Exceptional Parents, what strategies do you and your partners use to discipline and handle challenging issues with your child? I would love to hear what has worked and what has not. The most important thing to realize though as with everything concerning your child and family, you go with how you are all most comfortable living, and make sure everyone is on the same page rule wise in your household. It is the only way to grow together and be a happier Exceptional Family unit. Until next time.





Autism, Wedding Anniversaries And Remembering the Growth In Between


My wedding anniversary is coming up. This has always been an important day for me. It marks the day I formalized the love I felt for my partner who became my husband in front of God and all our family and friends. We began a life I thought would go very differently than the one we ended up living. But I have to say, the one we ended up living is way better. It took us awhile to get to the point where we felt that way. Before then, there were good times, bad times, and uncertainty. We had autism come into our lives through Michael, and though we did not see it as that at the time, it saved us. It made us stronger as individuals, stronger as a couple, and stronger as parents. Michael truly opened up both our eyes as individuals and parents as to what is possible and about difference in general.  And as hard as it is for us, we always remember that Michael is the one living with a very different brain in a world that may not always understand him or him it. He is braver than us yet has showed us to be brave too.  It is a learning process for all of us. We teach Michael about the world, and he teaches us about ourselves and what is truly important. Together we move forward as a family and as a couple.

For many years when Michael was little, my wedding anniversary took a back seat. I don’t mean that I didn’t want or enjoy celebrating it, but that I worried a lot more about Michael than about how I marked it. I know Michael’s Dad felt the same. We enjoyed dinner and time together, but did not really understand or celebrate that we were a team, a force to be reckoned with in raising our son, an incredible human being that I know will do incredible things. We were just tired parents of  special needs child looking for quality time together. Two years ago that changed for me. After suffering a burnout/depression, I thought I had failed as a wife and mother and person. I needed to rebuild me, one brick at a time. I took time to heal, to practice things that I needed to do to become whole again. I relearned about what made me tick after six years of being Michael’s mother, therapist, and cheerleader. I also relearned about the woman I was when I fell in love with Michael’s Dad. She was funny, creative, had a zest for life and loved music, family, friends, movement and writing. She loved being creative and doing creative things. She loved people, spirituality and life. She loved her husband and spending time with him. That creative, fun, carefree woman came back only stronger. She came back with the inner little girl child I had let lay dormant inside me for too long. This inner child said,  you will find yourself if you take care of you and celebrate the whole you: the woman you were before you had an exceptional child with the woman you are now.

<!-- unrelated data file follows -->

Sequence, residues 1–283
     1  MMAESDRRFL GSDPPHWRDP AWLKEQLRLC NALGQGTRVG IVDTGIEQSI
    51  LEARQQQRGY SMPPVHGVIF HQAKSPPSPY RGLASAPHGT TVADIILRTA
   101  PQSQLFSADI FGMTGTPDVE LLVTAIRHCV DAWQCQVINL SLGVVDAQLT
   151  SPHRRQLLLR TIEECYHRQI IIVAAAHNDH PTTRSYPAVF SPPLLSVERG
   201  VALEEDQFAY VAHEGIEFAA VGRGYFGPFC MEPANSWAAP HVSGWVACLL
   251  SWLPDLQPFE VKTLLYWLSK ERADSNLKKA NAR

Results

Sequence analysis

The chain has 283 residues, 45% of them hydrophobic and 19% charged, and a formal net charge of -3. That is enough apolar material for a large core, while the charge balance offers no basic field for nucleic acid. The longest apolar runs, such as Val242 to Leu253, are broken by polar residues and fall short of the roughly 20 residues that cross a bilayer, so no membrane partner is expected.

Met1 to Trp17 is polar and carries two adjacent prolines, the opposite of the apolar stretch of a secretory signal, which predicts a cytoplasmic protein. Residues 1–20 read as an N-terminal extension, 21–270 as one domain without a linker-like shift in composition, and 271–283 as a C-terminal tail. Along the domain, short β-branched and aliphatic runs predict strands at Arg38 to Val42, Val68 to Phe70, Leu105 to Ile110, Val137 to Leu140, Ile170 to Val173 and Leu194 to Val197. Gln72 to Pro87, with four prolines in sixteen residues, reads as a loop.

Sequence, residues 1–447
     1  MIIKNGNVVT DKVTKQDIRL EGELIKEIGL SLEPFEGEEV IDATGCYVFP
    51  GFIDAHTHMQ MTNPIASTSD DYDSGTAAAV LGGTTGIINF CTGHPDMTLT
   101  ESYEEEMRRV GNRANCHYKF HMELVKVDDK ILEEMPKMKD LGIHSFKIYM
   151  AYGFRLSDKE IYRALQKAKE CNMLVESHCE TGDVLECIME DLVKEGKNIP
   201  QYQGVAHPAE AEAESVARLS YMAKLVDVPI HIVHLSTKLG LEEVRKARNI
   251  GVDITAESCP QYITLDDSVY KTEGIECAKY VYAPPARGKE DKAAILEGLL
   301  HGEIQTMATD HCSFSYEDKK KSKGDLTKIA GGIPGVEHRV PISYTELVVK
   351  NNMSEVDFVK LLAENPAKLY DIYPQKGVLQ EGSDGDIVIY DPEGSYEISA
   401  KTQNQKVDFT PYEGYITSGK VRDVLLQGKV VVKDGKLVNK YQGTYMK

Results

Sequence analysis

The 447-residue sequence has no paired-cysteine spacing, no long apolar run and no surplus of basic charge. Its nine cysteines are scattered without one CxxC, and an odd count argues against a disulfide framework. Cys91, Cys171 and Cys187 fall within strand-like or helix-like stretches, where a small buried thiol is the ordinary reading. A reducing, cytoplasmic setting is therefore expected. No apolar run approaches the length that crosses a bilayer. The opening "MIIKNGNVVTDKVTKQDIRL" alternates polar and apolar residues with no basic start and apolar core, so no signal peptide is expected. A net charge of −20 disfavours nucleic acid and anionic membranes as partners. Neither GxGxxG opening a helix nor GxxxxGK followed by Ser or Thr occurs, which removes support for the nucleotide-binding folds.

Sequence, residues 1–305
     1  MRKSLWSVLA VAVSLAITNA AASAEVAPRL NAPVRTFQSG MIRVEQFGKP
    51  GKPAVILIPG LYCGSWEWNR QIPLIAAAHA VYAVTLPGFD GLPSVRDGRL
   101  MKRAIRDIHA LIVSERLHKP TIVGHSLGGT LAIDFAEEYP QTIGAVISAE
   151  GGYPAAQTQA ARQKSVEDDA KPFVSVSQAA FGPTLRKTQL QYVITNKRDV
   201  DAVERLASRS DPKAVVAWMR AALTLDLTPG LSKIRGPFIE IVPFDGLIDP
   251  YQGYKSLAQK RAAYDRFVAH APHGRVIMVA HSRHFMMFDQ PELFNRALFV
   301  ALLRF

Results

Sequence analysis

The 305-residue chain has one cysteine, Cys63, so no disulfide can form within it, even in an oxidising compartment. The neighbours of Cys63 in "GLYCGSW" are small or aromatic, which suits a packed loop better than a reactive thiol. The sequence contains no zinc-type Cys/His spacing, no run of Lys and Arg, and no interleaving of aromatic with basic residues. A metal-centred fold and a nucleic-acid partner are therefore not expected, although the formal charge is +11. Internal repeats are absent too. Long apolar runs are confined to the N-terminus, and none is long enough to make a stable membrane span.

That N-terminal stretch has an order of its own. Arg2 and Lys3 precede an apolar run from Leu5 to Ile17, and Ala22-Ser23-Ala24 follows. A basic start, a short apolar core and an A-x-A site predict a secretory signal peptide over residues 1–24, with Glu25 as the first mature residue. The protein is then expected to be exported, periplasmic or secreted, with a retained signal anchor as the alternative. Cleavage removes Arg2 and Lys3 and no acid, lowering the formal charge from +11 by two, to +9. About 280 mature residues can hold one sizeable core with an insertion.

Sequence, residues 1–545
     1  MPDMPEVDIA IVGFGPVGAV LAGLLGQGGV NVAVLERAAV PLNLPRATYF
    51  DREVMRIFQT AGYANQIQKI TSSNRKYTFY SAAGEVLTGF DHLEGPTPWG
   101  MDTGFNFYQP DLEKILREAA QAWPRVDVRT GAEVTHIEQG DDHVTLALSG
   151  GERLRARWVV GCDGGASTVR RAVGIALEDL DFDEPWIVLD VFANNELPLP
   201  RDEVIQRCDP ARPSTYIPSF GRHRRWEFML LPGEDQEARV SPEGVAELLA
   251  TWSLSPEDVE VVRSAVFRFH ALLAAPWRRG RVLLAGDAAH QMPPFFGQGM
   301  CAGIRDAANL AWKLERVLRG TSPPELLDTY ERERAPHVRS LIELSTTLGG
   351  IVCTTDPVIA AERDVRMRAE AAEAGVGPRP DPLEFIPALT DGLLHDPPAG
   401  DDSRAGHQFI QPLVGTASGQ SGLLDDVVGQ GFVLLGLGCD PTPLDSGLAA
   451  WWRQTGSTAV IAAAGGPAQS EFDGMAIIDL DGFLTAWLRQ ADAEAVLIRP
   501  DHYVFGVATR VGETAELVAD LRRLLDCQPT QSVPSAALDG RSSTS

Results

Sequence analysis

Exceptional Parents, how many of you are in relationships, but are not prioritizing it due to emotional and financial exhaustion? That is all a normal part of raising exceptional children. But just remember this. Our children were given to us for a reason, and if you let them, they can transform your life and your partner’s for the better. You will benefit, and your partner and your child will benefit from a you that is whole and remembers what and who it loved long ago and still loves now . Think of the incredible human being you have helped bring into the world, your child. Until next time.